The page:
No, it is not possible to swallow and choke on your tongue while asleep. Lingual frenulum is a strip of tissue that firmly attaches the tongue to the floor of the mouth. This prevents people from accidentally swallowing it.
Can tongue block your airway?
Yes, your tongue can fall back under certain conditions like unconsciousness and block your airway. The tongue falls back while you are in an unconscious state and the soft palate relaxes, causing your airway to block.
Is your tongue always moving?
Yes, your tongue seems to always move as it is a huge muscle that assists you to talk, taste and also keep itself away from your sharp teeth.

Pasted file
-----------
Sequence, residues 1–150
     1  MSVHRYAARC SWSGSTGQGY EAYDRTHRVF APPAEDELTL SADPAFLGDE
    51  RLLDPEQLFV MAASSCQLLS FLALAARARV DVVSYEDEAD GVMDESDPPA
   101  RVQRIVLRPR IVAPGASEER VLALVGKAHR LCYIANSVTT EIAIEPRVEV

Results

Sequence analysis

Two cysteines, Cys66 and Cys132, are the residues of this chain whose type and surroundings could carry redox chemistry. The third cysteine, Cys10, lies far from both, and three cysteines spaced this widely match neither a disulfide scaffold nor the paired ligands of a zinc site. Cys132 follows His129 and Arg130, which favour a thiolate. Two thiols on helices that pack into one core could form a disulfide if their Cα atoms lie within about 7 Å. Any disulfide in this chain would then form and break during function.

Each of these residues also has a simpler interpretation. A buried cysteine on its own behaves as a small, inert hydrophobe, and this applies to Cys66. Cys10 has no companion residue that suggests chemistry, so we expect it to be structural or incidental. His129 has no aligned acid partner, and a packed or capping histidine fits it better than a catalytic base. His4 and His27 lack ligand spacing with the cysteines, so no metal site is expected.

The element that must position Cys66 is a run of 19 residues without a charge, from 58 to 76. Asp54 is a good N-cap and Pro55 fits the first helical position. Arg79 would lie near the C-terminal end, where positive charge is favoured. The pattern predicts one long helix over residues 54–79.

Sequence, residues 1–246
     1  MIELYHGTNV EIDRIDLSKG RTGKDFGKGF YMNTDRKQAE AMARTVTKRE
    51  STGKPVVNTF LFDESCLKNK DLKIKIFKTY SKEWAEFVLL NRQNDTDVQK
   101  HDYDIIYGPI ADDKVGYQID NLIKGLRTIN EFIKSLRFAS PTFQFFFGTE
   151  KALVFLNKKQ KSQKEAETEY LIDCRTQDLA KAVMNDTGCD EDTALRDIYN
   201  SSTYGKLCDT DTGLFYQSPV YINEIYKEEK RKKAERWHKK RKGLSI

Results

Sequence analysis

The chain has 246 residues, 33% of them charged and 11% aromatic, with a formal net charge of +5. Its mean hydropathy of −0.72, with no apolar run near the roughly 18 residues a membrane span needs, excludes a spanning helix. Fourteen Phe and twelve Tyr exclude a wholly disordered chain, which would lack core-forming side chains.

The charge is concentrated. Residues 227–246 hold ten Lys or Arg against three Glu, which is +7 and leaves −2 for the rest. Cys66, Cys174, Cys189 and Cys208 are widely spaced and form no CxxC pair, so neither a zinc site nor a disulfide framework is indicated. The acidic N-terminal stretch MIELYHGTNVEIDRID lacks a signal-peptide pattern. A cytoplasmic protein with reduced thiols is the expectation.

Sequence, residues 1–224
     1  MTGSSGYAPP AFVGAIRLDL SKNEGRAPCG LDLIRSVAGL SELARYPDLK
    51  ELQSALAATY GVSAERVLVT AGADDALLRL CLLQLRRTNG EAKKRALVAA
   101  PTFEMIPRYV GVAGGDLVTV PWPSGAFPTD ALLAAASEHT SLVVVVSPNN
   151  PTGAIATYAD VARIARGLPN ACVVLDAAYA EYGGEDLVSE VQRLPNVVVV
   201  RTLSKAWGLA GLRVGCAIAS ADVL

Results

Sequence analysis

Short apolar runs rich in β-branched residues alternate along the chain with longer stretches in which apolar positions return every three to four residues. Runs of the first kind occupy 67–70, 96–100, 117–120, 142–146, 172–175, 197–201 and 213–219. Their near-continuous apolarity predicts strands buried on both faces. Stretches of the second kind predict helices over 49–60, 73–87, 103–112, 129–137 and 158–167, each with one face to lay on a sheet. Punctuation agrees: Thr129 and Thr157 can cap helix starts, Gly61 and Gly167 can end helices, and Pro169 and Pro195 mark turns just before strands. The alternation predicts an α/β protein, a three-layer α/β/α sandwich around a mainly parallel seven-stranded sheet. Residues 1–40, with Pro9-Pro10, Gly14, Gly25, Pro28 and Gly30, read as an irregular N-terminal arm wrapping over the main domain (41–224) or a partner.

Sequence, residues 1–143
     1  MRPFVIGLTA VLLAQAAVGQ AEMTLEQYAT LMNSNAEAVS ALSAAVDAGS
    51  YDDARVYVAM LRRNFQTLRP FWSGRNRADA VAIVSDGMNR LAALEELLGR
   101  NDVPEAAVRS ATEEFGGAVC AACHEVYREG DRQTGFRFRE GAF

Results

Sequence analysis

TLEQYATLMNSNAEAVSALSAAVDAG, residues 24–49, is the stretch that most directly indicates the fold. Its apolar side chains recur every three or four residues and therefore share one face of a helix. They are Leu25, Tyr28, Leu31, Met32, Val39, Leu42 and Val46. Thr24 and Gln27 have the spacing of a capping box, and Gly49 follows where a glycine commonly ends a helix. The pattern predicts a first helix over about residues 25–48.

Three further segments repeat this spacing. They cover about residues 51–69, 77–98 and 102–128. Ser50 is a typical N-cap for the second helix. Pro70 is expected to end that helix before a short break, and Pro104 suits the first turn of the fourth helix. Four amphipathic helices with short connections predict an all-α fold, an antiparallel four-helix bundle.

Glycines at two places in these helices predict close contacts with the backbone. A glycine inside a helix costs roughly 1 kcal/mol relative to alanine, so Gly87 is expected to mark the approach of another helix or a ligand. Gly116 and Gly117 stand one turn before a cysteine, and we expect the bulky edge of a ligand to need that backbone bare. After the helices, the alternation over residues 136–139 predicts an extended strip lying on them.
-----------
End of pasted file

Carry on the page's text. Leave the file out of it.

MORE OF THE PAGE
It is packed with dense touch receptors that constantly investigates the shape of your mouth and any changes that might have occurred.
Can tongue piercing be fatal?
Tongue piercing can be fatal in very rare cases. The question is heating up, after a 22-year-old Israeli man died in hospital weeks after getting his tongue pierced.
Tongue piercings can cause potential damage in the oral cavity due to constant contact between metal and the tissues and structures in the mouth.
Doctors warn that tongue piercings increase the risk of oral infection and if left untreated, may turn fatal.
Chipped teeth, infections, nerve and gum damage, drooling, taste loss, and tooth loss are some of the adverse effects of tongue piercing. Tooth piercing metal may cause irritation in the oral cavity leading to periodontal disease or oral cancer.